Biotech CEO Yves Decadt explains the innovative technology that takes injectable medicines and transforms them into pills

 
Feature image

Injections aren’t anybody’s favourite healthcare intervention. BioLingus, a Swiss biotechnology firm, has developed a technology that can stabilise different molecules for sublingual delivery – a simple tablet that goes under the tongue. CEO Yves Decadt explains the technology BioLingus has developed, which enables biological molecules – which typically have to be injected, because the body is designed to degrade them – to be delivered sublingually in a pill. The stabilisation technology is inspired by nature, he explains, where plant seeds can preserve proteins and peptides for centuries. And stable molecules don’t just mean no more needles – they mean more cost-effective treatments with potentially lower side-effects.

European CEO: Injections aren’t anybody’s favourite healthcare intervention. BioLingus, a Swiss biotech firm, has developed a technology that can stabilise different molecules for sublingual delivery – a simple tablet that goes under the tongue. With me is BioLingus CEO Yves Decadt.

Yves, tell me about the technology you’ve developed, and the new kinds of treatments that it enables for sublingual delivery.

Yves Decadt: So, sublingual delivery by itself is not new; it has been used in industry for small molecules, organic molecules. What is new is that we have redeveloped it for biological molecules. And that is new. And biological molecules typically have to be injected. Because biological molecules are degrading in the body – so we, our technology enables us to deliver these biological molecules sublingually in a pill.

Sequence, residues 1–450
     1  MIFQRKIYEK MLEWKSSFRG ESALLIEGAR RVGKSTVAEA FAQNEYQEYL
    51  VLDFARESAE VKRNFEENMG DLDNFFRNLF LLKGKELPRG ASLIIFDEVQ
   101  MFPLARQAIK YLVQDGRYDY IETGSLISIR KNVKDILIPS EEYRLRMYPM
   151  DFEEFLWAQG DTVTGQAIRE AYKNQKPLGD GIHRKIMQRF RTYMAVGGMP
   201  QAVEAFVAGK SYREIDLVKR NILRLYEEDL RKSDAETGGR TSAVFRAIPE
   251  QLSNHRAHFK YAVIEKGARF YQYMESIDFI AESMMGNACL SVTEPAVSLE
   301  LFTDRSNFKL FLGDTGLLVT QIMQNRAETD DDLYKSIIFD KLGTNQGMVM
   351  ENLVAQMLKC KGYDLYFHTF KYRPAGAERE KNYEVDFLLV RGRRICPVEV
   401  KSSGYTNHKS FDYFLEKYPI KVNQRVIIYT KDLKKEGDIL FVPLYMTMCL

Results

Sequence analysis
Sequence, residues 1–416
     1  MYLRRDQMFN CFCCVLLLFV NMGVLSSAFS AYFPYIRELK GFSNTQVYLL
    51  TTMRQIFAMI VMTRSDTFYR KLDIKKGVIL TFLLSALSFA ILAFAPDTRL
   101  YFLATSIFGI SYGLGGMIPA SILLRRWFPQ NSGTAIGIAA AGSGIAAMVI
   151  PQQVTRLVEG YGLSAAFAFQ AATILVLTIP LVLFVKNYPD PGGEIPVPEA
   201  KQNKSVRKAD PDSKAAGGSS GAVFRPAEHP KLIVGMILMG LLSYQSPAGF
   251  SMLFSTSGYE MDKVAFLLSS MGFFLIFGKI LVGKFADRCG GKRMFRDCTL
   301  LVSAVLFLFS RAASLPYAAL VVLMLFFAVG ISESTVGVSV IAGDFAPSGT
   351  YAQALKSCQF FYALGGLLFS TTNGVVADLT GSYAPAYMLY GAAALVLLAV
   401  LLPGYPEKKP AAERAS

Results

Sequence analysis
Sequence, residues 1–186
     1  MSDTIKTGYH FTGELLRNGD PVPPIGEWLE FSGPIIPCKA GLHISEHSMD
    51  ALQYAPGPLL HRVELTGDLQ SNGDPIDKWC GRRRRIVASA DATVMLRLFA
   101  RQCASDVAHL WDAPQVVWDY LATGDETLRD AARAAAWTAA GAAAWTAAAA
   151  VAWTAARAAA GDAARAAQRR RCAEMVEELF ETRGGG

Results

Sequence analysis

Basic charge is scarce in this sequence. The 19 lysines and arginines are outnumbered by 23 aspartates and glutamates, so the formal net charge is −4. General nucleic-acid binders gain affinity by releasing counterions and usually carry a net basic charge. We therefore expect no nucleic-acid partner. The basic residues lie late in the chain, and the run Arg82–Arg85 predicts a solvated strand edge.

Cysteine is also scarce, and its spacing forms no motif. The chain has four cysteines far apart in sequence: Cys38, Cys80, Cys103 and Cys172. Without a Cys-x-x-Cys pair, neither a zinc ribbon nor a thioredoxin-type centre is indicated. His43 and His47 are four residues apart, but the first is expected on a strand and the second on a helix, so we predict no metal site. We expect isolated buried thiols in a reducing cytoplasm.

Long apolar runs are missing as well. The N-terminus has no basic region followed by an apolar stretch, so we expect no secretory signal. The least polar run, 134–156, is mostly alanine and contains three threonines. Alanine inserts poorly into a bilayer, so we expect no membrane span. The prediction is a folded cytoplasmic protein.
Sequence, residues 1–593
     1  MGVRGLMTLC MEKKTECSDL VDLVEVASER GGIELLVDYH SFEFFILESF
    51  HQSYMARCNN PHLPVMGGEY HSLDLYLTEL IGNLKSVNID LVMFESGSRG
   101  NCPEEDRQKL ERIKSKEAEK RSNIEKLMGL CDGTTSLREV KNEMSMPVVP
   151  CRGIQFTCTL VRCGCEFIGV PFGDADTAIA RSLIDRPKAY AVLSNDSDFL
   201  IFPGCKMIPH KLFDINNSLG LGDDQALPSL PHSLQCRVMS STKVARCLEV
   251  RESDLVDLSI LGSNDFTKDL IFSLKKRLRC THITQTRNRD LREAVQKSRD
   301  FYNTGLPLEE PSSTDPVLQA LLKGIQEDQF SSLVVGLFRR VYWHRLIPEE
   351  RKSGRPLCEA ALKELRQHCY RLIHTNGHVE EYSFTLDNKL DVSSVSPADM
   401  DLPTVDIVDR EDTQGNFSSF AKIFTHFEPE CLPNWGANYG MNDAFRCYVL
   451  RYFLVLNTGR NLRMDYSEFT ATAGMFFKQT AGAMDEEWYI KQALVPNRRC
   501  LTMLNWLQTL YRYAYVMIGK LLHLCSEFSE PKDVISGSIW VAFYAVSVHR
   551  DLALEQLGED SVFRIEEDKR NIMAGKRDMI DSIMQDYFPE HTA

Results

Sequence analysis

So, what we’re working on is mainly treatments in diabetes, on one hand; and inflammatory diseases. Because these are most suitable.

European CEO: So what is it about the biological component that makes it hard to deliver? And tell me about this SEED technology, because this is what enables this.

Yves Decadt: Indeed, it goes to the essence of the technology, actually. The human body is designed by nature to degrade meat. Meat consists of proteins and peptides – exactly the constituents of what we call biological medicines. So if you take this biological medicines, they will be degrading completely in the body.

And so we have looked in nature, to find other places where nature has stabilised these molecules. And we have found that in the seeds of plants. So we have taken these lessons from nature, bio-engineered it. And now we are able to stabilise such molecules for a very long time. And that’s the basis of our technology, actually.

European CEO: What are the benefits of sublingual delivery compared with injections?

Yves Decadt: First of all, if you take it orally – well, it’s much more convenient. It’s also more low-cost, and that’s why governments that are experiencing pressure on healthcare budgets are looking at it.

The other thing is that, if you have molecules that work on the immune system, then sublingual delivery is also very good. Because it brings these molecules into the lymphatic system. And the lymphatic system is the heart of the immune system. And so there, it’s not just about convenience; we can actually increase the efficacy of these molecules.